Pueblos : Social organisation - klaner, könsroller m m

SOCIAL STATUS OF PUEBLO WOMEN.-The social corner-stone (of the Pueblos) is not the family, but the clan. Husband and wife must belong to different gentes, and the children follow the clan of the mother. The Pueblo has never used his wife as a pack-beast. He is not hen-pecked, but just, and even finds no shame in "toting" the baby upon his back all day when he has no more essential duty. The spheres of the sexes are clearly defined, but manfully. The woman is complete owner of the house and all it contains save his personal trinkets; and she has no other work to do than housework, at which she is no sloven. Should her husband ill-treat her, she could per- manently evict him from home, and could be upheld in so doing. The man tills the fields, and they are his; but after the crops are housed she has an equal voice in their disposition. The live stock is, of course, his; but he will seldom sell an animal without con- sulting his wife. The family relations are very beautiful. Conjugal fidelity is as general as with us. The Pueblo was a prehistoric monogam, and punished unfaithfulness with death; and it is doubt- ful if any American community can show a less percentag of loose women.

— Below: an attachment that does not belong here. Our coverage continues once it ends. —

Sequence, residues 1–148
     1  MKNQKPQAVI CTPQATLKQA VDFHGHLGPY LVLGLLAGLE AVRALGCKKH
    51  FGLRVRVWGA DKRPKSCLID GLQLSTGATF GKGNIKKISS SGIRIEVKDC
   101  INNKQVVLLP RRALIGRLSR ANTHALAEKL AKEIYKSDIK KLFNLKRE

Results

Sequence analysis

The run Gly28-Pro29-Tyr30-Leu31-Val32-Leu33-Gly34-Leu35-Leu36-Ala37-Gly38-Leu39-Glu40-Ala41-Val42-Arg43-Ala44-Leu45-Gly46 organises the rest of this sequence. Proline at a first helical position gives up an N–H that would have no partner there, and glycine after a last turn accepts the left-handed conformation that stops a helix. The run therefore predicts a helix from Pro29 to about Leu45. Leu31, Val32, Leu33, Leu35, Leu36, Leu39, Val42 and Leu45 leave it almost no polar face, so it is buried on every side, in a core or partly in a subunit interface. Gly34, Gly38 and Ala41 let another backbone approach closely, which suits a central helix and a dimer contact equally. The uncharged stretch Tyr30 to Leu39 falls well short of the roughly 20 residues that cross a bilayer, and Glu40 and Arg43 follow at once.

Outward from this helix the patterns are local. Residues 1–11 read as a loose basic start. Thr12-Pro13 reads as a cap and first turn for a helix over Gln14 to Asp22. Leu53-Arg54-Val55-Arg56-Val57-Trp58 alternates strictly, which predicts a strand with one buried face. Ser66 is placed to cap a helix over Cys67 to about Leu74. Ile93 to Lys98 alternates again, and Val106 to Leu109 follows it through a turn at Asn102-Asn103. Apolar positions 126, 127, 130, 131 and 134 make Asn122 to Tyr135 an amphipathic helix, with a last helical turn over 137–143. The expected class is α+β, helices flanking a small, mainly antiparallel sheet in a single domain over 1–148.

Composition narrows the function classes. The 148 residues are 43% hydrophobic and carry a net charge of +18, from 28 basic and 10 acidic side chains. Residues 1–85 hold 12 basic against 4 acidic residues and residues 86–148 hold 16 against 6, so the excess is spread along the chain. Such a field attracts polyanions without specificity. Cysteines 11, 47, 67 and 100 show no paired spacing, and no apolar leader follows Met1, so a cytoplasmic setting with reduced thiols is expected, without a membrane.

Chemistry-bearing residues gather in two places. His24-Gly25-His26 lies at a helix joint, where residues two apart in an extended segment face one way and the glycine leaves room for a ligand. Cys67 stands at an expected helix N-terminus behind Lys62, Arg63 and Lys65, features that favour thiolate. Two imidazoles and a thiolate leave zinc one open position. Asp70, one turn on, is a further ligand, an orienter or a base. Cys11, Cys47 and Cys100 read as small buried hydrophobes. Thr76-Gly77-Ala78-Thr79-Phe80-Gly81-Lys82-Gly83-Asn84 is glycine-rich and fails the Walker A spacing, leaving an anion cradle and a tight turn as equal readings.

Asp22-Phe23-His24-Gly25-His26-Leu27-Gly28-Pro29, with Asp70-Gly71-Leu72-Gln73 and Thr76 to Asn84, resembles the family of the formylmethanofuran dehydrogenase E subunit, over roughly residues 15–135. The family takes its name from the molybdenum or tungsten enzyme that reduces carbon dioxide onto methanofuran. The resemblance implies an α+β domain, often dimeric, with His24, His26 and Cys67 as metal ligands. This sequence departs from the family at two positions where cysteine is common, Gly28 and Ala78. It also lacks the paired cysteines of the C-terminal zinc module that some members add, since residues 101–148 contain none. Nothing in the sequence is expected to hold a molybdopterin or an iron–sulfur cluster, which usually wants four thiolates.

C F Lummis in september Scribner. 
Notis i artikeln nedan, sista sidan (326)

Bandelier, Adolf F.
The "Montezuma" of the Pueblo Indians / by Adolf F Bandelier. - 9 s.
= Sid.319-326 i: American Anthroplogist ; 1892:5.  JStor

Hodge, Frederick Webb, 1864-1956
Pueblo Indian clans / by Frederick Webb Hodge. - Washington : Judd & Deetweiler, 1896. - 32 s.  Även JStor pdf
  Orig: American Anthroplogist 1896:9  S.345-352.